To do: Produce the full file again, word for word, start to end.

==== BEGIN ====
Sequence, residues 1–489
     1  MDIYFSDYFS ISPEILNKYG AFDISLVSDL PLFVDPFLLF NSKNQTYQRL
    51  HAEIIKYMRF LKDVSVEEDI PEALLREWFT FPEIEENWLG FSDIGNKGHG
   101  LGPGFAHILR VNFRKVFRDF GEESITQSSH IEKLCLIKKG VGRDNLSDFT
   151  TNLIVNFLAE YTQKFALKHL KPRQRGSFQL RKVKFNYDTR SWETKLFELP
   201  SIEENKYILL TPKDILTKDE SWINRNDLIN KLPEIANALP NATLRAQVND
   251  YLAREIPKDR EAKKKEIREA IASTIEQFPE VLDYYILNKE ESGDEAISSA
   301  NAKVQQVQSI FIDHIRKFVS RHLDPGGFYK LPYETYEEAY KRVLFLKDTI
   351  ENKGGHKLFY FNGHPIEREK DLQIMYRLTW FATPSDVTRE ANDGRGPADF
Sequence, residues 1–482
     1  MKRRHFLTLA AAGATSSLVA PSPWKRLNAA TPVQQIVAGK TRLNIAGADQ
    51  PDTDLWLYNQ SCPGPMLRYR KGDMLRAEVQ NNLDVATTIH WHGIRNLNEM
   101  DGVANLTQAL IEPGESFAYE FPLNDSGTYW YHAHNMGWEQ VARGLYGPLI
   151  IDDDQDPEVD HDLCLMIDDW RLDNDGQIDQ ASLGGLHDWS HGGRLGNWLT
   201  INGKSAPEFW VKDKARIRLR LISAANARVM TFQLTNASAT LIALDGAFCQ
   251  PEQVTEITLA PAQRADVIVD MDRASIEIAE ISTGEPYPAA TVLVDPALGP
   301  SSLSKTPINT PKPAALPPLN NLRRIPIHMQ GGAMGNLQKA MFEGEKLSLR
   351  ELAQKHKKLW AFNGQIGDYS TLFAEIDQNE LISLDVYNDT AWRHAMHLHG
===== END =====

Sequence, residues 1–489
     1  MDIYFSDYFS ISPEILNKYG AFDISLVSDL PLFVDPFLLF NSKNQTYQRL
    51  HAEIIKYMRF LKDVSVEEDI PEALLREWFT FPEIEENWLG FSDIGNKGHG
   101  LGPGFAHILR VNFRKVFRDF GEESITQSSH IEKLCLIKKG VGRDNLSDFT
   151  TNLIVNFLAE YTQKFALKHL KPRQRGSFQL RKVKFNYDTR SWETKLFELP
   201  SIEENKYILL TPKDILTKDE SWINRNDLIN KLPEIANALP NATLRAQVND
   251  YLAREIPKDR EAKKKEIREA IASTIEQFPE VLDYYILNKE ESGDEAISSA
   301  NAKVQQVQSI FIDHIRKFVS RHLDPGGFYK LPYETYEEAY KRVLFLKDTI
   351  ENKGGHKLFY FNGHPIEREK DLQIMYRLTW FATPSDVTRE ANDGRGPADF
Sequence, residues 1–482
     1  MKRRHFLTLA AAGATSSLVA PSPWKRLNAA TPVQQIVAGK TRLNIAGADQ
    51  PDTDLWLYNQ SCPGPMLRYR KGDMLRAEVQ NNLDVATTIH WHGIRNLNEM
   101  DGVANLTQAL IEPGESFAYE FPLNDSGTYW YHAHNMGWEQ VARGLYGPLI
   151  IDDDQDPEVD HDLCLMIDDW RLDNDGQIDQ ASLGGLHDWS HGGRLGNWLT
   201  INGKSAPEFW VKDKARIRLR LISAANARVM TFQLTNASAT LIALDGAFCQ
   251  PEQVTEITLA PAQRADVIVD MDRASIEIAE ISTGEPYPAA TVLVDPALGP
   301  SSLSKTPINT PKPAALPPLN NLRRIPIHMQ GGAMGNLQKA MFEGEKLSLR
   351  ELAQKHKKLW AFNGQIGDYS TLFAEIDQNE LISLDVYNDT AWRHAMHLHG